Anyone trying to lose weight dreads hitting a plateau: that point when your weight loss stalls, even though you’re still following your program. Here’s how to get off the plateau.
1. Be kind to your body and yourself. Remember that what’s happening is normal. Your body will store fat as an energy reserve and it will burn fat to give you energy. However, when you embark upon a fat-loss plan, you will reach a point of having lost enough weight that, although you have reduced your food intake, your body no longer has to burn so many calories to simply power you. Your body has reached a temporary state of equilibrium on your journey to your new weight.
2. Remember how much better you look and feel, and how much happier this makes you. The decision to lose weight is very personal and you’ve already seen the benefits.
3. Really look at yourself, including taking pictures of yourself in a mirror. It can be very difficult to see the changes in your body just by looking down yourself, but comparing before-and-after pictures can show dramatic changes, especially if you are also exercising. Muscle mass is denser and heavier than the same sized fat mass. If your waist or thighs or arms are smaller, or if you can feel improved muscle mass, what’s happening is good, even if the number on the scale stays the same. Stick with your eating and exercise plan and the scale will catch up.
4. If you have hit an actual plateau, be honest with yourself about how much—and what—you’re really eating during the day. A few minutes a day for a few days with the Trim Down Club Diet Journal can pay big dividends. And remember, no one will see this but you! If you realize that you’ve gone back to some of your bad habits, ask yourself why. Maybe you’re eating out of stress or boredom: we’ll discuss ways to deal with those issues a little further down.
5. You should also re-evaluate your portion sizes, as they can creep up in size once you get comfortable with ‘eyeballing’. On the same lines, monitor your salt/sodium intake, as too much can result in water retention that adds weight—and is actually hard on the heart. And most salt is not added by us, but to virtually all processed foods to make them taste better and increase their “craveability.”
If you find yourself falling back into old eating habits, your new eating plan may not be working for you. It’s usually easier to break one or two bad habits at a time, than to suddenly try to “be perfect.” That’s why a flexible eating program is perfect: it allows you to solve on problem at a time.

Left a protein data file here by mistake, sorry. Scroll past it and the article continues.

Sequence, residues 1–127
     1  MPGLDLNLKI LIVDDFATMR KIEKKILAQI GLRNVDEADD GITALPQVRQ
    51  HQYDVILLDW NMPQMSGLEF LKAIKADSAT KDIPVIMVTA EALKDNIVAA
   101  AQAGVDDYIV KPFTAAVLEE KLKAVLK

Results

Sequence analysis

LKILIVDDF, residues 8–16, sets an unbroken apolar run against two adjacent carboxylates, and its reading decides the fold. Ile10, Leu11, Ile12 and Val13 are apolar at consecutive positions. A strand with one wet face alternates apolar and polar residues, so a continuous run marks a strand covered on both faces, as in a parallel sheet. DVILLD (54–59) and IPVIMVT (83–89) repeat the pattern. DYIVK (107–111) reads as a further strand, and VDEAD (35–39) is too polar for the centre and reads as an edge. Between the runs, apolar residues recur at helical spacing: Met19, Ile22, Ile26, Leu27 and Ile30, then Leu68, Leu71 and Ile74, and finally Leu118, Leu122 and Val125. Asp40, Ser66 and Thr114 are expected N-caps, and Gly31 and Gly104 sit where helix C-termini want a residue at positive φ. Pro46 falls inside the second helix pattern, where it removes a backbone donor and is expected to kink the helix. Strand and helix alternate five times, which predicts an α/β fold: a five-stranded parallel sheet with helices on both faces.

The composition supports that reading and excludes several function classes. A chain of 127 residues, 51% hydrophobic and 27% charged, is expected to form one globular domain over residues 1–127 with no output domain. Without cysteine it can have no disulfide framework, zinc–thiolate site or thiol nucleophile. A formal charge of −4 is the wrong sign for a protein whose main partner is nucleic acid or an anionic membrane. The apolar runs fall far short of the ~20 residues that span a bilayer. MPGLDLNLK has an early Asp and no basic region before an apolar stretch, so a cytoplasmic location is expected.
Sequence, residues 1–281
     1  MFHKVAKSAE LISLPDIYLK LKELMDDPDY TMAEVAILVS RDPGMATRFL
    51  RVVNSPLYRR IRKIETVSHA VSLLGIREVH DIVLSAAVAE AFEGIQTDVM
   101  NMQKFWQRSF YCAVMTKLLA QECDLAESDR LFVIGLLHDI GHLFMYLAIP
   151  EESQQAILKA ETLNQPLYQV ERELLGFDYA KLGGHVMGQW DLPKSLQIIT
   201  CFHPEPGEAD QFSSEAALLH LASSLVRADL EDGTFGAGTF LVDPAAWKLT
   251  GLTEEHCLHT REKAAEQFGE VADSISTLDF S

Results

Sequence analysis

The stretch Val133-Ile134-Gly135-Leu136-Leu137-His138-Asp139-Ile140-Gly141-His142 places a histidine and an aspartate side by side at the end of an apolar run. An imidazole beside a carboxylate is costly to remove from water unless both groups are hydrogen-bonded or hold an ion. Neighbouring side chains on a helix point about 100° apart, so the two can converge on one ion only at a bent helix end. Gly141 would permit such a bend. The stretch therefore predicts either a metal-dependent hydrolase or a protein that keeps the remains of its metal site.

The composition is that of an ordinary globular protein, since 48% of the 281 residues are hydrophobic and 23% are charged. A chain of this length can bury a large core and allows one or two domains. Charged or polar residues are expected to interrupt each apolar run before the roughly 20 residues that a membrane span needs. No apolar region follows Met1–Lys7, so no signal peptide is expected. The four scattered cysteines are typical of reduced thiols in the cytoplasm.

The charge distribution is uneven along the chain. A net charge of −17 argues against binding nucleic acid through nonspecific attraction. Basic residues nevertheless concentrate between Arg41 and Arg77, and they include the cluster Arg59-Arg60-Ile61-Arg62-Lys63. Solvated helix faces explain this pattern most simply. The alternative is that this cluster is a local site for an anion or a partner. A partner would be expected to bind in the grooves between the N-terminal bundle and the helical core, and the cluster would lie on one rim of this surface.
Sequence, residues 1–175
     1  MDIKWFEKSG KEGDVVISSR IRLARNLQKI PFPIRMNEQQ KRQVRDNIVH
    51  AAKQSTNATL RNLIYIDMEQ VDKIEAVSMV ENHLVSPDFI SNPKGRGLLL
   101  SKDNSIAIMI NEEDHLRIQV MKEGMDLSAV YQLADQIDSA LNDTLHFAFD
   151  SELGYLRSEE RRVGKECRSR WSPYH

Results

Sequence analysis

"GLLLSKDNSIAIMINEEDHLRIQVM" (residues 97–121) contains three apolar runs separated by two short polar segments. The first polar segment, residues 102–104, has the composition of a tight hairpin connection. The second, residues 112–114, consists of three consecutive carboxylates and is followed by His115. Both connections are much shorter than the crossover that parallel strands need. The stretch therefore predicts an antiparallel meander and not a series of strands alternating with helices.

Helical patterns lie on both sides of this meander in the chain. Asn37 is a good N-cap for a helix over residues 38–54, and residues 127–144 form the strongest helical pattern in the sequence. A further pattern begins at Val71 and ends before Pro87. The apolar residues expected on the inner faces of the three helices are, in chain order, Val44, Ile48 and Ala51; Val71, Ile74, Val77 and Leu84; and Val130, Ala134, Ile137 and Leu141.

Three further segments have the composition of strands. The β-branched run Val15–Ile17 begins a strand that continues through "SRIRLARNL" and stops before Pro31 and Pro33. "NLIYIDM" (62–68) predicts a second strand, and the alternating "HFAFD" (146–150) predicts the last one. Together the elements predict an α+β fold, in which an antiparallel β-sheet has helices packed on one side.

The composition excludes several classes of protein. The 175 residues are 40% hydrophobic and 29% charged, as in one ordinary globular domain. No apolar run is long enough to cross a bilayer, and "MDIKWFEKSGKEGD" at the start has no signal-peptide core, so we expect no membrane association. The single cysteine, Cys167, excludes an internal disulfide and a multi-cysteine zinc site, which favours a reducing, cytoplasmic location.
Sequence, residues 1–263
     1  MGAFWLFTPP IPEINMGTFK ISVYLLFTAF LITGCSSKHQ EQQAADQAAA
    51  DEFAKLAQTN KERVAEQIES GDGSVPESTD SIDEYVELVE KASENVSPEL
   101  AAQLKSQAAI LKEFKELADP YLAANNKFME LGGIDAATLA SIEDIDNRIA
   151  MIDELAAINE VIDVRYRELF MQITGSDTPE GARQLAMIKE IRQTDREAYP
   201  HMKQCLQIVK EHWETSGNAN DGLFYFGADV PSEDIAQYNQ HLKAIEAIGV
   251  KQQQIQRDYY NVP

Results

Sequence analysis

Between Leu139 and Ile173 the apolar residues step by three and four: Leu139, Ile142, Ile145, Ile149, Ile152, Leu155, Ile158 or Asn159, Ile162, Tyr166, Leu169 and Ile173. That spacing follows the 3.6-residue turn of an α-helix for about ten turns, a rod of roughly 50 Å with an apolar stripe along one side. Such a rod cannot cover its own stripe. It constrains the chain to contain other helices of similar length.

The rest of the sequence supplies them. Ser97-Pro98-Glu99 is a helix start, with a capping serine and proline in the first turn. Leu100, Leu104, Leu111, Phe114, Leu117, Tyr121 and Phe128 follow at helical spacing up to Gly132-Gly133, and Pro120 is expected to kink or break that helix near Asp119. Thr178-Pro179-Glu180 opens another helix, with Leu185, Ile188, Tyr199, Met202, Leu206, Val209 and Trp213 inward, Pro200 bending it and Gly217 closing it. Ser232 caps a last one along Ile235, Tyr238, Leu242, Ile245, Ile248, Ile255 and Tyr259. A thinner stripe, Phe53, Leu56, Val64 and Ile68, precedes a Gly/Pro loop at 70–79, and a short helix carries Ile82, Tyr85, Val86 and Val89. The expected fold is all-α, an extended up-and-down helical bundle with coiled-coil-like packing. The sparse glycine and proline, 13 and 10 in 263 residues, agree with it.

If you are eating because you’re stressed, try to manage the stress first. Enjoyable exercise—any form of brisk movement you enjoy—is a classic method. If you’re eating out of boredom, try to develop a hobby or a craft you enjoy or perhaps spend time with friends.
6. Ask yourself how much you’re really exercising: how long and how intensely each day and how many times each week—and compare it to what you did before. We’re mammals, so as we get older, we tend to want to conserve energy. It’s natural. However, the more you enjoy a particular way of moving—hiking, gardening, swimming—the more you will do it, the more intensely you will do it and the less you will eat afterward.
7. Also, be sure you’re getting enough sleep. Skimping on sleep can actually slow down your metabolism and even lead to overeating, especially of calorie-dense ‘fattening’ foods.
8. Drink enough water every day—6-10 cups (8 fluid ounces or 240 ml each) or more if you’re sweating a lot. When your muscles are not properly hydrated, your metabolism slows down.
9. Try adding the following foods to your meals: they can help speed up your metabolism
- Green tea
- Warming spices such as cinnamon, chili peppers, and turmeric
- Certain nuts, such as almonds, walnuts, hazelnuts, and macadamia nuts
- Olive oil and oils from recommended nuts
- Fermented foods, including vegetables, organic soy, and dairy
- Root vegetables, such as onion, garlic, leek, chicory, sunchoke
- Cruciferous vegetables, such as Brussels sprouts, cabbage, broccoli
- Foods high in omega-3 fats, such as fatty fish, kale, almonds
- Berries, particularly blueberries and raspberries
- Brown seaweed, such as wakame
If you have or suspect you have a thyroid condition, see your health care provider about adjusting or starting medication. If you are taking thyroid medication, large amounts of cruciferous vegetables and soy may interfere with its effectiveness.
10. If you find you’re doing ‘everything right’ and still plateauing, changing your exercise routine can jump start your efforts. Your body is very efficient: after you’ve been doing a certain set of exercises for a while, they won’t have the same effect. Different exercises, especially exercises that work large groups of muscles, can help you leave the plateau. So can increasing the intensity, amount, and/or frequency of your current exercises.